An Application of Love

Over the past several months I’ve been writing to you about uncomfortable emotions from children, parenting, and the bruises in your heart. In reading these blogs, you’re thinking, “Okay, we get it Eeyore! Negative shit happens.” I’ve been writing about it a lot and will most likely dive into these topics again. I did spend my early 20s specializing in the reduction of high-magnitude, dangerous behaviors as a young clinician. I love hard emotions and challenging behaviors; not because of, well, the challenge, but because of the messages behind them. In my work as a Board Certified Behavior Analyst, I was given the gift of knowledge. The knowledge that all behaviors have a function and a remedy if we want to invite them to leave.

Today, I’d like to flip the script (sorry Eeyore!) and tell you about what I believe the function and remedies are for our negative emotions. I would also like to plant the seed that as we intentionally offer to heal complex emotions, we can change our outlook and behaviors. That is what I want for you, what I want for everyone. I want us to know as humans that we are not the sum of our negative emotions, behaviors, and experiences. Yes, they are a part of life, but I truly believe that who we are and what we need is love. Let’s dive in.

Recognizing The Separation From Love 

In writing to you about the bravery of witnessing your pain, I’ve asked you to lean into emotions and/or experiences that have brought you discomfort so that you may offer yourself healing. I’m sure I’ve written somewhere that an unhealed wound metastasizes. In asking yourself to witness your pain, what I truly am asking you to do is to ask yourself, “baby where does it hurt?” to your brave heart.

A surgeon or doctor asks you the same question to find out how to heal your physical wounds. Similarly to physical pain, our emotional pain must be identified to know what type of wound we have and what healing words and actions it needs. The difference here is that with physical wounds the treatments will vary based on the wound. With emotional wounds, while they need to be named to heal, the treatment is always self-love and boundaries.

You see the origin of emotional wounding is an experience when we were separated from our loving presence and subscribed to fear instead. In these moments something happened that was too overwhelming to stay in our loving nature and so we left ourselves. We left to either avoid or fight the fear and pain that came to us. We emotionally ran or armored up because we felt, well, threatened. In our subconscious minds, we innately choose this response because our species is one of survival. If there is a threat, you have to get away from that threat. At least that’s how our brains have developed starting back when we were avoiding the Saber Tooth Tigers. “Danger, no good, run or defend yourself!” The tricky part about the modern human is that emotionally we still respond to perceived threats like a tiger and have to do the work to know why we even responded that way.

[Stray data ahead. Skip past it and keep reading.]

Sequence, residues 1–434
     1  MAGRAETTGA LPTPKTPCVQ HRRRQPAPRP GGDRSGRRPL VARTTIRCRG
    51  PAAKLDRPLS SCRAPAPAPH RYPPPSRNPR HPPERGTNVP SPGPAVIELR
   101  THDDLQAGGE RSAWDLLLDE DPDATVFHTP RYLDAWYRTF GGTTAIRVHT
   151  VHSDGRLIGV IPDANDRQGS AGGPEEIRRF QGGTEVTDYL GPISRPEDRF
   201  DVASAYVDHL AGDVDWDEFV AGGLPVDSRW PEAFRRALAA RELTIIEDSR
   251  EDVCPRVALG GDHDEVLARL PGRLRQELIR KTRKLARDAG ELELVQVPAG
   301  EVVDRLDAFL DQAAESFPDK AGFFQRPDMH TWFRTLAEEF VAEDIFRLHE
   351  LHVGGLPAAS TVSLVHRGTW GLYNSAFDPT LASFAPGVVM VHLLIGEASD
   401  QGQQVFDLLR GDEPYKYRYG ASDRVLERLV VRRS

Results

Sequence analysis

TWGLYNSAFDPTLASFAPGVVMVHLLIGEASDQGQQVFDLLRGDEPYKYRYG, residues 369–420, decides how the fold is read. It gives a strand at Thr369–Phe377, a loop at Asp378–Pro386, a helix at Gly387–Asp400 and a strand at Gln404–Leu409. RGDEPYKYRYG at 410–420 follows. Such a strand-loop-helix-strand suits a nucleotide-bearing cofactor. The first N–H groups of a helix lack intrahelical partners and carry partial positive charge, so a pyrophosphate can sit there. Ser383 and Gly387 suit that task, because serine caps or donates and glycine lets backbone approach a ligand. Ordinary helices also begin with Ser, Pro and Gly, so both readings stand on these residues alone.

Reconnect With The Love

Let me say more. Our brains are that of survival, they want to keep us safe and so we have billions of ways our brain speaks to itself to protect us. Our brain doesn’t speak to our conscious mind, it goes on autopilot. As our brain sees threats, because either our body or emotions say there is a threat, our brain then creates a series of stories and strategies to keep us safe from the threat. The primary problem with this is that conscious rerouting is normally done in childhood through stories of shame instead of reality. We all have a unique pattern or story of shame that was derived from a negative experience we wanted to protect ourselves from. As this shame story took root in our mind, each time fear came to us our shame told us, “there is something wrong with you but I can protect you from this fear.” When shame takes over our narrative, love is shut out, when love is shut out it’s impossible to heal. This is incredibly frustrating because shame when embeds itself into our subconscious, layers into multiple forms, and can last from decades to a lifetime. Shame is always the scar over your wound and a separation from love. This is why love is how we heal, our emotional wounds need to reconnect to our loving nature because fear separates us.

There is a peaceful existence when we can witness our scars, and the scars we gave to others, then offer them the love they always needed. Witnessing can bring up deep moments of pain, just as we sit in that pain and allow love in, the pain will go away. As love takes over we can offer the original wound the care it deserves, the repair that will change your wiring. Offering love to your core wounds and shame stories disconnects us from fear and reconnects us to our loving nature. When we are connected to our loving nature our life becomes ours again. We become the person we always were and can choose our path with intention and not based on the fears of our past.

This work is the bravest work we can do; to face the demons of our past that hold our hurt. Yet it’s also the most healing experience you can offer yourself so when pain comes now, or in the future, it does not reroute who you are and or what you believe about yourself. When you stay rooted in love you can heal all wounds and live a life of peace.

This is my wish for you.

Jessie Cooper

Recent Posts